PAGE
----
Influences on the Absorption, Retention, & Availability of Minerals in the Body

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  • 0:01 Bioavailability
  • 1:16 Phytates, Oxalates & Tannins
  • 2:58 Other Minerals
  • 3:40 The Body's Needs
  • 4:12 Mineral Loss
  • 4:39 Lesson Summary
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Lesson Transcript
Instructor: Rebecca Gillaspy

Dr. Gillaspy has taught health science at University of Phoenix and Ashford University and has a degree from Palmer College of Chiropractic.

Minerals are inorganic compounds needed by your body. The degree to which minerals can be absorbed, retained and made available depends on factors such as different components of your diet and your body's need for the mineral.


I'm sure you've noticed that your paycheck doesn't include all the money you earned. You might have earned $500, but because some of that money was removed for taxes, you only ended up with $450 available to spend. Something similar happens with minerals, which are inorganic compounds needed by your body to regulate chemical reactions and maintain structures; you might take in 100% of the recommended dietary allowance for a mineral, such as calcium, but because of factors that interfere with its absorption and retention, you might only get to use 25% of it.

So even if the minerals you need make it from your dinner plate into your body, you're not assured that all those minerals are available for use. This is referred to as bioavailability, or the degree to which a nutrient can be absorbed, retained and used by the body. It helps to remember that the prefix 'bio' refers to life. So, the bioavailability of a mineral is literally the amount that is available to carry out life processes. In this lesson, we will take a look at factors that influence the absorption, retention and, therefore, the availability of minerals from the foods you eat.

Phytates, Oxalates & Tannins

We get minerals from both animal products and plant-based foods. As a general rule, minerals obtained from animal products are more readily absorbed than those from plants. This is due to the fact that compounds found in plant foods can interfere with mineral absorption. These include phytates, which are compounds found in whole grains and other plant foods that can bind to calcium, iron, zinc and other minerals and interfere with their absorption. It's almost as if phytates fight against the body's desire to absorb minerals.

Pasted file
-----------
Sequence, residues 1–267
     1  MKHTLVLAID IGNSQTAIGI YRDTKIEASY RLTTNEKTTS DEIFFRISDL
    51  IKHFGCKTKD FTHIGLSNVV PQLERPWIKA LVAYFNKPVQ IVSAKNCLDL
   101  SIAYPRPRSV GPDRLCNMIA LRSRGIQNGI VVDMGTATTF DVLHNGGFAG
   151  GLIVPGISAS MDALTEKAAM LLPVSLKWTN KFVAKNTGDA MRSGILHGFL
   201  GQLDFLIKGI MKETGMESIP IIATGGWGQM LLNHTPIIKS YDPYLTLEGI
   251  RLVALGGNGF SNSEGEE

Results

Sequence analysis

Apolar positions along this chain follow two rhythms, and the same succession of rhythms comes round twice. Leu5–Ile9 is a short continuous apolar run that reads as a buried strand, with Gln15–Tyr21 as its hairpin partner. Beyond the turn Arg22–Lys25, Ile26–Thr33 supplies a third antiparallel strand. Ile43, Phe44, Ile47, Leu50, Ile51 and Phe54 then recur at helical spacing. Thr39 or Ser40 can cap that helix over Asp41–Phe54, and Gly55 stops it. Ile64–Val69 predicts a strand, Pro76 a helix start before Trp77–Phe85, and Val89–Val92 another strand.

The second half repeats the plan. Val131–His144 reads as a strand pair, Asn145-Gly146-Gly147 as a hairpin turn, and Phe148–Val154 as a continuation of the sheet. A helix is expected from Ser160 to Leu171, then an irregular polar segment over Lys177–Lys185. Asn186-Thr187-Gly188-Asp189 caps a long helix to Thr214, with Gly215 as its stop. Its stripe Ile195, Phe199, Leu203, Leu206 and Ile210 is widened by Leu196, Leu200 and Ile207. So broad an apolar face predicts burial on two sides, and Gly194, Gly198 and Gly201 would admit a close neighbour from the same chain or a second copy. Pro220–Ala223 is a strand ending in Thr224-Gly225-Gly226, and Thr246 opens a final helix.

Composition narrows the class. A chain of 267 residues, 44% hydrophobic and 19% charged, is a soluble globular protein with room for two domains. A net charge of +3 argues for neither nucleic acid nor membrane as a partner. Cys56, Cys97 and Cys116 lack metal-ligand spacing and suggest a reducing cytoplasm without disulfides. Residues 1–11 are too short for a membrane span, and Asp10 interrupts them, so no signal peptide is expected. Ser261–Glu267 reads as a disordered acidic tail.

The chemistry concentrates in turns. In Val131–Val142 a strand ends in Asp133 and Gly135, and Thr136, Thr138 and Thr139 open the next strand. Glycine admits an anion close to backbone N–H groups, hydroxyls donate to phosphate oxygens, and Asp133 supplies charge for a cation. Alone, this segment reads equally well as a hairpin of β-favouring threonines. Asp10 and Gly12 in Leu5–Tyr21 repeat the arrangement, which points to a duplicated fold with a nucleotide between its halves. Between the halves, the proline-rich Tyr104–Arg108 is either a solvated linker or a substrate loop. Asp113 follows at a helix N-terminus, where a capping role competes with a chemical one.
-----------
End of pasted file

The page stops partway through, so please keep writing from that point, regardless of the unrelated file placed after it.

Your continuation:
Other compounds found in plants that interfere with mineral absorption include oxalates, which are compounds found in plant foods that bind to calcium and interfere with its absorption. Oxalates are found in vegetables, especially spinach, beets and rhubarb. They're also present in other plant-based foods, like nuts and even chocolate. When you consume oxalates, they can combine with calcium to form calcium oxalate. This compound not only keeps the calcium from being absorbed, it also must be flushed through your kidneys. If the level of calcium oxalate gets too high, it results in crystal formations in your kidneys, leading to kidney stones.

There is another dietary factor that interferes with the bioavailability of certain minerals, namely tannins. Tannins are compounds found in tea and certain grains that interfere with iron absorption. It might help you to recall this relationship between tannins and iron if you remember that tannins are what give most teas their rusty tan or brown color, and when iron rusts it turns rusty brown.

Other Minerals

Bioavailability can also depend on the combination of minerals you consume due to the fact that certain minerals can interfere with the absorption of other minerals. For example, different mineral ions can carry the same charge. We see this with calcium, iron and zinc, which all carry a 2+ charge. Mineral ions with similar charges compete for absorption out of your digestive system. This is not usually a problem if the minerals are coming from foods, but can be a factor if you're taking a mineral supplement that is high in one mineral. In essence, the mineral that is taken in excess hogs up all the available absorption, leaving no room for the other minerals.

The Body's Needs

Your body is always interested in maintaining balance, so it rarely holds on to more than it needs. Because of this, we see that your body's needs influence the absorption of minerals. For example, your body can store iron. If enough iron is in storage, then your body will absorb less from the foods you eat. Likewise, if your body is in need of more minerals, absorption can be increased. For example, a pregnant woman requires more calcium, so her body will absorb more to meet the growing need.

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